Mailing Address:
The Bellevue Historical Society
PO Box 304
Bellevue, Ohio 44811

Office Phone:  567-228-0833


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On August 25, 2020, Bellevue lost a valued citizen and one of the town’s treasures – Bill Oddo.  Bill has been a mainstay of the Bellevue Historical Society from its beginning.
Bill’s barber shop on Main Street was a gathering place for story tellers.  These stories sparked his interest in Bellevue’s history, so in 1983 Bill began writing a weekly article in the Bellevue Gazette spotlighting the town’s rich past.  These articles became one of the most popular features of the paper.
As a citizen, Bill has been very active in his church and community.   Bill’s faith was very strong as he served the Immaculate Conception Catholic Church in many ways, especially in working with the CYO.  The Bellevue City Schools benefitted also from Bill’s efforts.  He was an organizer of the Bellevue Boosters Club and he helped to initiate the Halls of Excellence program at the High School (Bill himself was recognized for that honor in 2000) as well as the Athletic Department’s Athletic Hall of Fame.

Bill’s contributions to the Bellevue Historical Society are numerous.  In 1987, he was a founding member of the Bellevue Heritage Museum which became the Bellevue Historical Society.  He served the Society for many years on the Board of Directors, most of them as president.  A pet project for Bill was the Tremont House Project.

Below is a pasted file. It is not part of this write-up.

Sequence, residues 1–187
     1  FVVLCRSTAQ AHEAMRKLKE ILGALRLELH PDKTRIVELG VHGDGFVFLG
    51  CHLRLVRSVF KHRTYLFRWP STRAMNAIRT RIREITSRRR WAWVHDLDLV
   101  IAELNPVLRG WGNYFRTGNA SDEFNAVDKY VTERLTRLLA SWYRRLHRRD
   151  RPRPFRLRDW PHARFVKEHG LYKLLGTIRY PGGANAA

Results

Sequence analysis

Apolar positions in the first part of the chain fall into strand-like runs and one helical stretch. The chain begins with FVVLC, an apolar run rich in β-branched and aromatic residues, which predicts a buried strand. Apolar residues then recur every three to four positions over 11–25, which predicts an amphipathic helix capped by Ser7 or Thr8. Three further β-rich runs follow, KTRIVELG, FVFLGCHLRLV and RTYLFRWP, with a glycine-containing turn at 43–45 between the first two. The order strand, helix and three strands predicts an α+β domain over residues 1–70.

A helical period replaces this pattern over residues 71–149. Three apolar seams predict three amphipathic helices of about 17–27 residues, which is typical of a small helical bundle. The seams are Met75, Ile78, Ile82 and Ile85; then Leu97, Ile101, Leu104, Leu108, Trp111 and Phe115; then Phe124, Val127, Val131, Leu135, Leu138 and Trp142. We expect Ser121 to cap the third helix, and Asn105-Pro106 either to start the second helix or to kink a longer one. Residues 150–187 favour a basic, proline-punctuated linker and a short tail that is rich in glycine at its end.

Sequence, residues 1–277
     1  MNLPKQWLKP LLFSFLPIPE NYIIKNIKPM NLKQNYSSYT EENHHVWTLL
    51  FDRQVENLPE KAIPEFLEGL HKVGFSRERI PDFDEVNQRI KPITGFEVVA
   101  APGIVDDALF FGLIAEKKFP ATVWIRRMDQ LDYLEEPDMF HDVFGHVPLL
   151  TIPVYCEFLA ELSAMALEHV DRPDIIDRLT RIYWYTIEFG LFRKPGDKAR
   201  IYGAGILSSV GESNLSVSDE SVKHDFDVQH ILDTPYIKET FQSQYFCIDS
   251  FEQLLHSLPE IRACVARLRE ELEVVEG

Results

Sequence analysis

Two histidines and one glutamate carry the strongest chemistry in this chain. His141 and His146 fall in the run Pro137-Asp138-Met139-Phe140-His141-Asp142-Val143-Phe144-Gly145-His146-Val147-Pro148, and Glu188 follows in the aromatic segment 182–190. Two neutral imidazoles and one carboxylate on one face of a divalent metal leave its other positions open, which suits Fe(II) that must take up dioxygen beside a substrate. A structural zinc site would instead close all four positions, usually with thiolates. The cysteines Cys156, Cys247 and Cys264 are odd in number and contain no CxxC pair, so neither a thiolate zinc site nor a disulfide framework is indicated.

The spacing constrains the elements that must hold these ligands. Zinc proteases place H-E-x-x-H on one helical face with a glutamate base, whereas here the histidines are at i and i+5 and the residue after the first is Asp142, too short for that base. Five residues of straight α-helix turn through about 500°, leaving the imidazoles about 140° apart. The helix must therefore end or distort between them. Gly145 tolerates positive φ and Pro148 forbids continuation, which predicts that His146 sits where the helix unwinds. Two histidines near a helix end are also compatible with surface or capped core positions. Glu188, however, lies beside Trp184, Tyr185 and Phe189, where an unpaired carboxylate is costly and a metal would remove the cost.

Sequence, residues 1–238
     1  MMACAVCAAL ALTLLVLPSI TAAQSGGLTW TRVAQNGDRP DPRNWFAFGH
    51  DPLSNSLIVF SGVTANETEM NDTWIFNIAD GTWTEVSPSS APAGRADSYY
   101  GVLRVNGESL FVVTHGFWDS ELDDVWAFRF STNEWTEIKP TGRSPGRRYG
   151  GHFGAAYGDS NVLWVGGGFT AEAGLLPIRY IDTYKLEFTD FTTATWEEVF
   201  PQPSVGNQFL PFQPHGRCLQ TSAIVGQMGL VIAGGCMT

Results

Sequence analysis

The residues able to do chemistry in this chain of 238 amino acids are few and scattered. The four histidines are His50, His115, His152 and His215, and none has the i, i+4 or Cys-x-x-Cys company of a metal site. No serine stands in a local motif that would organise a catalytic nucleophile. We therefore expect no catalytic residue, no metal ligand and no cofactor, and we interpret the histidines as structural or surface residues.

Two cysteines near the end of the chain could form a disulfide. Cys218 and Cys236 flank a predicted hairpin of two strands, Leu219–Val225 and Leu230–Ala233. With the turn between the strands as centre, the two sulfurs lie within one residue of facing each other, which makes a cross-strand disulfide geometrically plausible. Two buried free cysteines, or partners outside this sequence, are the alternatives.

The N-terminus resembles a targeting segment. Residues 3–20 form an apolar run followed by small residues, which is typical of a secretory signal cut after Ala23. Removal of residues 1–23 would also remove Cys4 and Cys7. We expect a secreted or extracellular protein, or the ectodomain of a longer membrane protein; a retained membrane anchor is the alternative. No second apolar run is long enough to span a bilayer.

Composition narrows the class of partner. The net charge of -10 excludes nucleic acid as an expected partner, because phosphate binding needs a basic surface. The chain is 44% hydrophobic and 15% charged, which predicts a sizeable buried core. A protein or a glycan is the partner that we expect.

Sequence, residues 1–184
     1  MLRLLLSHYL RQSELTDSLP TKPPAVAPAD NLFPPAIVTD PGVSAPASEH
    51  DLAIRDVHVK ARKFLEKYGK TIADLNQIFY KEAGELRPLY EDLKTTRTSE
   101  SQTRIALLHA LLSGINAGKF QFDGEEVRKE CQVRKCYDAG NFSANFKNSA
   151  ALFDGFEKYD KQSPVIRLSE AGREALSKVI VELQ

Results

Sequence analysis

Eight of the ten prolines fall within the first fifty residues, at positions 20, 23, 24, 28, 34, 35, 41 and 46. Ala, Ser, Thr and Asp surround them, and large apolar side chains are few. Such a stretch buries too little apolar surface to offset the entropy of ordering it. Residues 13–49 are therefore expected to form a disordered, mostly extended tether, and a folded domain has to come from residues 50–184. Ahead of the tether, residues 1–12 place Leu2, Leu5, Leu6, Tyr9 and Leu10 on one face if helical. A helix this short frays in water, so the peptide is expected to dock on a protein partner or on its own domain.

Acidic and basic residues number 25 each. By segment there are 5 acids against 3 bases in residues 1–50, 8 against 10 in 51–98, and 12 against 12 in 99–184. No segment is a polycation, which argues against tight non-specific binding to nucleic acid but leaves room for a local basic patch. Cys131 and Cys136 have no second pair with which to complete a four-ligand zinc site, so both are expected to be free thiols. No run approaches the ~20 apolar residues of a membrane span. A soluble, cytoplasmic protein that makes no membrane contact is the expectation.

In 2002, Bill was the Society’s president when the building was purchased. 
He compiled the book, Bellevue - A Pictorial History to help pay for the Tremont House, obtaining a grant for its publication so that all profits would go to the project.  In 2005, he was instrumental in the process required to have the Tremont House listed on the National Register of Historic Places.  More recently, he dedicated all profits from his latest book, Stories of Old Bellevue – Vol. V, to the project.  Just a few days before his death, on a drive past the Tremont House, Bill was excited to see the progress that has been made this summer.